Global Problem - Land Crisis

Hunger is one of the sustainable challenges the world is facing, and the staggering number of people suffering from hunger is alarming. According to the latest research by the Food and Agriculture Organization (FAO) of the United Nations, there are 828 million people in the world who are undernourished. In this situation, however, food production is increasingly under immense pressure.

Apart from natural disasters, the main cause of the global food crisis is the scarcity of arable land. Up to today, the most common agricultural paradigm is still highly dependent on land. According to FAO, over 95% of the world's crop production comes from land. However, this high dependency also means that food production faces the same threat as arable land. Due to natural hazards such as desertification, salinization, and soil erosion, a significant amount of arable land loses its productivity every year. Many countries resort to deforestation to maintain arable land area, leading to a substantial reduction in global forest coverage. Despite these efforts, it is still insufficient to meet the growing food demand of the global population, with a decreasing per capita arable land area.

However, this problem not only exists in the present but may become even more severe in the future. According to FAO's document How to Feed the World in 2050, by 2050, the world's population will reach 9.1 billion, which is 34 percent higher than today. It is estimated that annual cereal production will need to rise to about 3 billion tons from the current 2.1 billion tons. The increasing demand for agricultural produce, both new and traditional, will further strain already scarce agricultural resources. Agriculture will not only be forced to compete for land and water with expanding urban settlements but will also be required to serve on other major challenges: adapting to and mitigating climate change, preserving natural habitats, and maintaining biodiversity. To meet these demands, it is urgent to solve the global arable land crisis and discover new methods that can produce more from less land.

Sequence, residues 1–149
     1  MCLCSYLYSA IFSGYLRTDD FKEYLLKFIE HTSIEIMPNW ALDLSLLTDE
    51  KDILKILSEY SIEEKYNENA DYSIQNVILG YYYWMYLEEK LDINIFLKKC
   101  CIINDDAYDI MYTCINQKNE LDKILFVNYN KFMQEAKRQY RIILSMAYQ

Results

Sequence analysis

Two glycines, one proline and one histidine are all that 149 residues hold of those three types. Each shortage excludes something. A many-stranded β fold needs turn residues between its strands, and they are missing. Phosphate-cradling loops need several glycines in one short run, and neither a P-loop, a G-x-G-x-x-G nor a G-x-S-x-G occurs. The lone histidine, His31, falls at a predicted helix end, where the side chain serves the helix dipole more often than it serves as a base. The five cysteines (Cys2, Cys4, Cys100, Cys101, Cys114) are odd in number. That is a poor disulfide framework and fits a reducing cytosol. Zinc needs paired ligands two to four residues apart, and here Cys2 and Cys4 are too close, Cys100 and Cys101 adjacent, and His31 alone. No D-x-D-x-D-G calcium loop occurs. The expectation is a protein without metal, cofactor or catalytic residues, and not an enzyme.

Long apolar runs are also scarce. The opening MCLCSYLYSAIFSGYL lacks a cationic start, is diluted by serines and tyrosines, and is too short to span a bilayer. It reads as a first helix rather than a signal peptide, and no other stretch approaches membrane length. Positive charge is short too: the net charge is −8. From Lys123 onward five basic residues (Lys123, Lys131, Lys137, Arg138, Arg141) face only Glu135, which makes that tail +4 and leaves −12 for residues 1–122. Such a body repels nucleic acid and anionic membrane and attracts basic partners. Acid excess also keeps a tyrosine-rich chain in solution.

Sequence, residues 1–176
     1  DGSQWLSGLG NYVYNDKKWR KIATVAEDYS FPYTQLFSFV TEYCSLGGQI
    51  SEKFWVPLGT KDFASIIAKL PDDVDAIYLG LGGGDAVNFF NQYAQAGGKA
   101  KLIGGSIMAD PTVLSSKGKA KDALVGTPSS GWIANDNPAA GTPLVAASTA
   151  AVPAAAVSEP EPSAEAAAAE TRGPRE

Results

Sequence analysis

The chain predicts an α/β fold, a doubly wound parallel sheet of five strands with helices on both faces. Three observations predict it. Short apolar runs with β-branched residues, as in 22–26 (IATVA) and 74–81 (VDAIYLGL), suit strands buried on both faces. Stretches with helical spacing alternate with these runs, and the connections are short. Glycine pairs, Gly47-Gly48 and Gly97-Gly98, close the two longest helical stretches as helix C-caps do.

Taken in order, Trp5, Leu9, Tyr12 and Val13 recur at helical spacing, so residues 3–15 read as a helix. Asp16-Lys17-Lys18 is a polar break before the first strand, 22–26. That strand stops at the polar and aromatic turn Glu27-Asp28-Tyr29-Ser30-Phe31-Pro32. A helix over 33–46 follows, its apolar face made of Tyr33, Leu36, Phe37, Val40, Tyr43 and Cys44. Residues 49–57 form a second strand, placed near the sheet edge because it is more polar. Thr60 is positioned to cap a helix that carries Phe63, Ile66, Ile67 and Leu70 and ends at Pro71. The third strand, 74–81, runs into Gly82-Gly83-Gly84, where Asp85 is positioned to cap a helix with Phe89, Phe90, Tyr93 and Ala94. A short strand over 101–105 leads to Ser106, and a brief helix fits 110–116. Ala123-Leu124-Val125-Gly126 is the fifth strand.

Our Solution

Therefore, the key question to address is how to produce more food with limited arable land, thus tackling the land crisis. Based on this, our Tsinghua-TFL team propose a potential solution - using synthetic biology methods to transform Chlamydomonas reinhardtii into a possible alternative source of food in the future. Our goal is to create a means of agricultural production that can utilize non-arable land while simultaneously increasing grain production by improving photosynthetic efficiency. Additionally, we aim to improve the nutritional value by altering the composition ratio of food.
Chlamydomonas reinhardtii, also known as chlamy, is a unicellular eukaryotic photosynthetic algae. It possesses several advantages, making it an ideal candidate for our project:

Therefore, we have chosen Chlamydomonas reinhardtii as our chassis and designed a series of bioengineering operations based on its inherent characteristics to enhance its potential as a food source.